5 Questions (and Answers) for 2018

5_ways_1.5.2015-1.png2018 will definitely bring about change. But what exactly can we look forward to? Still no flying cars like we were promised or hover boards for that matter. Thanks a lot Marty Mcfly!  However, we had a few questions burning at our souls, so we tried our best to answer them. 

 

 

 

Will I be able to buy an autonomous car in 2018?Image result for autonomous car

Answer: Ummmm, No.

Maybe a better question would be “Can I buy an autonomous car in my lifetime?” Even then, its iffy, unless you are reading this blog between recess and nap time. Most estimates say we are 50+ years from autonomous being an affordable option in the consumer market. However, if you really want to look over and not see a driver in the next car, you may want to start peering into the cabs of tractor trailers. Fleet and trucking companies will more than likely adopt autonomous vehicles much sooner than consumers.

Can I sell my car and just use UBER?

Answer: Probably not.Image result for uber only

1 million riders per day can’t be wrong. UBER or any ride share company, is a great way to get home from the bar, to use on a business trip, even on family vacations, but not to replace  your car. A study in 2016 showed the average UBER ride is $13.87, since you must go to and from work, that’s a monthly expense of $554.80. That payment would allow you to own a range of vehicles in a few years’ time. Obviously, there are other costs associated with car ownership such as insurance, maintenance and parking, but the $554.80 only takes into account you daily commute, and not those late-night runs for some rocky road.  So, if you rely on your car to get to work or for other aspects of life, selling it and becoming a super UBER user might not be the best for now.

What type of electric car should I buy?

Answer: It’s up to you.

You’ve decided you want to help save the world (maybe save some money too) by purchasing a hybrid or electric vehicle. Many manufacturers are out there vying for you money and your choices are numerous, 75+ options actually. But with so many to choose from and huge differences from one model to another, which is better? Though traditional hybrids dominate the landscape, there are several full electrics options on the market, and even a few hydrogen fuel celled vehicles. Perhaps the best advice we can give you is: research and decide for yourself. Hybrids and plug-in hybrids still have combustion engines, meaning all you need is gas and you can go. Full electric vehicles have a low operation cost, but proprietary plug-in stations are a little sparse meaning a cross country trip to Wally World would be tough to manage.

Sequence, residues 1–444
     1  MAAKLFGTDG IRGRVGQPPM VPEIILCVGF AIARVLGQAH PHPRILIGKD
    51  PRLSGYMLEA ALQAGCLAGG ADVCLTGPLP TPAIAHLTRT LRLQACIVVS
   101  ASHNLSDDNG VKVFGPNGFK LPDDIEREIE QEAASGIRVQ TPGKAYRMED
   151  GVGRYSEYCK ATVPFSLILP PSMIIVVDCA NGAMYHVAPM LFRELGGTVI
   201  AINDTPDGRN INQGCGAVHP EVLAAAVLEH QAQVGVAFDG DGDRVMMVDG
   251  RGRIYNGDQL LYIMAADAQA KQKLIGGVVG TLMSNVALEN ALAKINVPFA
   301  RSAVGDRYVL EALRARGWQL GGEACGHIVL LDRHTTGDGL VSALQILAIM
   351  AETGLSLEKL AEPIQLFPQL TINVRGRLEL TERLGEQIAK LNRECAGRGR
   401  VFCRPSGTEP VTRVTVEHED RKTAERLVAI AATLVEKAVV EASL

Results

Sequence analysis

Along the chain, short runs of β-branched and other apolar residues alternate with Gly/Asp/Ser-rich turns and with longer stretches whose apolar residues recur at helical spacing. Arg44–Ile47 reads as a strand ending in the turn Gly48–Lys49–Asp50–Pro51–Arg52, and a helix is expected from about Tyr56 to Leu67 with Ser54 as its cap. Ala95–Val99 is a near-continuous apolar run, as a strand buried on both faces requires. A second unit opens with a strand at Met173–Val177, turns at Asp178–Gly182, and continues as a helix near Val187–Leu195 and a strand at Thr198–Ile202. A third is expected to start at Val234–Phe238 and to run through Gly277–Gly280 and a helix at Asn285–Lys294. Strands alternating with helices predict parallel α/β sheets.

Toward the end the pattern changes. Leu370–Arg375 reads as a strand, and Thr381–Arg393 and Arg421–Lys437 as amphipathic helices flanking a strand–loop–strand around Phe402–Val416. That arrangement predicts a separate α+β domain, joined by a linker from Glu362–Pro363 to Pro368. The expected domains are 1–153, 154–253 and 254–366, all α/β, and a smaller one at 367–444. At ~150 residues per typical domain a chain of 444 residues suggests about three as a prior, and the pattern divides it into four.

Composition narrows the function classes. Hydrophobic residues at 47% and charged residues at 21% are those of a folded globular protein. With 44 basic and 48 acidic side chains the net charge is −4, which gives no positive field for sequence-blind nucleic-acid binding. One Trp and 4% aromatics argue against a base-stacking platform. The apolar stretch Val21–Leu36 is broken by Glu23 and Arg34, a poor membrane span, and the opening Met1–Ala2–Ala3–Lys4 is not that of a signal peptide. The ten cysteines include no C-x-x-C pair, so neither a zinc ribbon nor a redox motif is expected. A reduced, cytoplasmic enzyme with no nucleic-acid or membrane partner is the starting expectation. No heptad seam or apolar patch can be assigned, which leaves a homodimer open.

CAFÉ standards, will they change or not?

Answer: Yes, but maybe not as drastic.

We’ve heard a great deal about the looming CAFÉ standards. Our previous administration has set the bar high, forcing automakers to start thinking for the future. One thing we know for sure is that the model standards instituted five years ago are set in stone until 2021. However, our new administration has called for a review of the stringent standards that are scheduled to go into effect in early 2022. The standard, as it stands now calls for a 54.5 mpg fleet average. Regardless as to whether the new standards will change, expect to start seeing more fuel-efficient vehicles, especially from auto makers like Ford and Chevy, who’s lineup/sales are dominated by midsize to full size trucks.

Is diesel dead or making a comeback?

Answer: No and yes.Image result for diesel

We’ll have to look at these two ways. In the heavy-duty truck and fleet landscape, the answer is “no.” With the amount of power a diesel motor can generate, it will more than likely always have a place where power and torque is needed. However, diesel motor manufacturers as well diesel fuel refineries will need to continue decreasing emissions and work on cleaner burning solutions if they want to stay viable in the US markets.

On the other hand, in the consumer side, the answer is probably “yes.” The European market, which was the leader in diesel motor development (due mostly to high emission standards) are beginning to back off production of diesel powered vehicles. The next round of European emission standards is beginning to take the toll and the diesel industry may not be able to keep up, making way for hybrids and EVs.   

 

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